Wyoming is just one several states acting as laboratories of innovation, said John Collins, a partner at FS Vector, a Washington fintech consulting firm.
“We expect others to follow suit in 2020,” Collins said. “This will be good for both industry and the economy as the best ideas will take root and may eventually form the basis for federal action,” he said.
New York has taken steps to entice more crypto companies to the state by loosening the reins of its first-in-the-nation BitLicense program.
More than two dozen companies have obtained BitLicenses or trusts since the program launched in 2015. The DFS now wants to make it easier for already-regulated blockchain and cryptocurrency companies to list additional assets.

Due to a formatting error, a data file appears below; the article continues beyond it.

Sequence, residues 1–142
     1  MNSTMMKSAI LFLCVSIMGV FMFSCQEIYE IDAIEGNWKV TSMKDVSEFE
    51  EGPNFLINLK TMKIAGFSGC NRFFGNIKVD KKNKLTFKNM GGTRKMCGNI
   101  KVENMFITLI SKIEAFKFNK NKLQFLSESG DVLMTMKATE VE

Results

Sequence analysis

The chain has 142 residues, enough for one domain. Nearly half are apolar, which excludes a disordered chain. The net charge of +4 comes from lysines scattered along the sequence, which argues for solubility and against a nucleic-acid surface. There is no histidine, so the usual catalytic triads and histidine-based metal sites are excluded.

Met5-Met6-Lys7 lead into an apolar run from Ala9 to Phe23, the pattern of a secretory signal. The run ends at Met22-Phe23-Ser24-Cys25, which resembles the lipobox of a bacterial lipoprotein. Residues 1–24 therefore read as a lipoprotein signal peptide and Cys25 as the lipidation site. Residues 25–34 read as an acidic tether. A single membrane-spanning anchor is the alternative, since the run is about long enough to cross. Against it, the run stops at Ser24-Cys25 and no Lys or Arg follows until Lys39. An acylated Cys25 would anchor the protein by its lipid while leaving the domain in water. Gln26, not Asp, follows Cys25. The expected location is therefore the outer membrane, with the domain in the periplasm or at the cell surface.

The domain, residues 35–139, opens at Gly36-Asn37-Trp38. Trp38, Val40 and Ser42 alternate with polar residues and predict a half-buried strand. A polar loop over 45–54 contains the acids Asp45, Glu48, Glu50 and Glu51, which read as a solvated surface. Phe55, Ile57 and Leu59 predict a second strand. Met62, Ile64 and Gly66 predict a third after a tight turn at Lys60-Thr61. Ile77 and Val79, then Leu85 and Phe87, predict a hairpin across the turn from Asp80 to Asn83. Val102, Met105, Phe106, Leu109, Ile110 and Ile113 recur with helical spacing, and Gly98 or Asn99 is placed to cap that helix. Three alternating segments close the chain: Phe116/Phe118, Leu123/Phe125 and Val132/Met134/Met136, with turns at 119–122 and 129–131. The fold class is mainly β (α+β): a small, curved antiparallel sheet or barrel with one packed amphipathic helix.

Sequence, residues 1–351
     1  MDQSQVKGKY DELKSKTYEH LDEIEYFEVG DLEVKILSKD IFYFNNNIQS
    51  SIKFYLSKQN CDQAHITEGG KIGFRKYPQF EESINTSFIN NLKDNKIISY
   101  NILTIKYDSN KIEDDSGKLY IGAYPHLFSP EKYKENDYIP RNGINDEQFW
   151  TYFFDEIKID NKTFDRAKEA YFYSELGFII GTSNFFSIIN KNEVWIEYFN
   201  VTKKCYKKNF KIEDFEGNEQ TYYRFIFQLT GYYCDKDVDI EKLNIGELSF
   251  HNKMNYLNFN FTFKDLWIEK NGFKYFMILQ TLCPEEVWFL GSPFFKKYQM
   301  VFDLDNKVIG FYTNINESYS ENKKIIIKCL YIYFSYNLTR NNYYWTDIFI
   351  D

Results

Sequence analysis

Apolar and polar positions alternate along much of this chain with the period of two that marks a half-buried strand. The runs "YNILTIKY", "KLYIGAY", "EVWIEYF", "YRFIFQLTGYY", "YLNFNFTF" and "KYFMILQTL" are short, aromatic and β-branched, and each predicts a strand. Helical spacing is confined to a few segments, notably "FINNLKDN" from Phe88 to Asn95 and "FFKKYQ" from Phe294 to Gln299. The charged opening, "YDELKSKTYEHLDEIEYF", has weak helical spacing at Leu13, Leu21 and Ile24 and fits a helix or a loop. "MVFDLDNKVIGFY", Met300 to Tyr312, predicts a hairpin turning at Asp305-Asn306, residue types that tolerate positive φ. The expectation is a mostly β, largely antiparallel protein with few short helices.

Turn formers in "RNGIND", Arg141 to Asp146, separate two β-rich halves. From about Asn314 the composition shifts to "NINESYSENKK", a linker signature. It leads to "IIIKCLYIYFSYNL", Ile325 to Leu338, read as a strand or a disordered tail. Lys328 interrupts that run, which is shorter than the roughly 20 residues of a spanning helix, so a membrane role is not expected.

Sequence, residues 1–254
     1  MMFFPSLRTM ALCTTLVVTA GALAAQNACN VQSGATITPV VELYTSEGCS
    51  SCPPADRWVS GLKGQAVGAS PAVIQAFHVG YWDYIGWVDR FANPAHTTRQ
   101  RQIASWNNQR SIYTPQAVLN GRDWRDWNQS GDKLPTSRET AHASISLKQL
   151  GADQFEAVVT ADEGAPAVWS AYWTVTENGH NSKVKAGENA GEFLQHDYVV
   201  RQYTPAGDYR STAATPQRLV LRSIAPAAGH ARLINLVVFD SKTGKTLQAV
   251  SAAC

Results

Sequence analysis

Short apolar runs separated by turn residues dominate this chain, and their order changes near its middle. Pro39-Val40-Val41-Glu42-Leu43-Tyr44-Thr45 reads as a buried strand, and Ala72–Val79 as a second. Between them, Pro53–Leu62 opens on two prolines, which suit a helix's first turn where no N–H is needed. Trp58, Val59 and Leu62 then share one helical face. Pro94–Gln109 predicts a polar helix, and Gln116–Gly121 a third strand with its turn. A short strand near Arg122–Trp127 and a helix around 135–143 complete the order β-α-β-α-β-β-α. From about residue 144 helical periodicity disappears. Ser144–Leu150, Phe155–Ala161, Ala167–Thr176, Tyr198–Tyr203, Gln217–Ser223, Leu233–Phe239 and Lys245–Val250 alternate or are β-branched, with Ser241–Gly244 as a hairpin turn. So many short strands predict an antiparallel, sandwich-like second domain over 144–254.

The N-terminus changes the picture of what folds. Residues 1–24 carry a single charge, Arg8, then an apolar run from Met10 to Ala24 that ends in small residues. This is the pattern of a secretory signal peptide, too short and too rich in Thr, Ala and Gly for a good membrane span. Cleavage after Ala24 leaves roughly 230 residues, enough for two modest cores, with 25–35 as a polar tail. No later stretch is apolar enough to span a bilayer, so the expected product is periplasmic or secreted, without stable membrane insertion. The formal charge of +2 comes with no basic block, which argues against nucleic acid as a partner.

Licensed virtual currency companies would be able to create their own policies for listing new coins for sale and trading under new guidance proposed in December. Once the state approves a firm’s procedures, it can self-certify the listing of any new virtual coins, according to the proposed guidance.
The DFS also wants to post a list of existing virtual currencies that licensed companies can do business in without getting approval from the state, as long as the listed currencies are not modified in any way.
Those changes could usher in another wave of crypto activity, according to crypto law practitioners.
Public comments are due Jan. 27, with final guidance expected later in 2020.
Put a Committee on It
The patchwork of state approaches to virtual currency and how they’re traded could become more standardized if the Conference of State Bank Supervisors has its way.
The group is reviewing industry feedback on model legislation to define how virtual currency fits into existing state payments regulations. A final proposal is expected in 2020.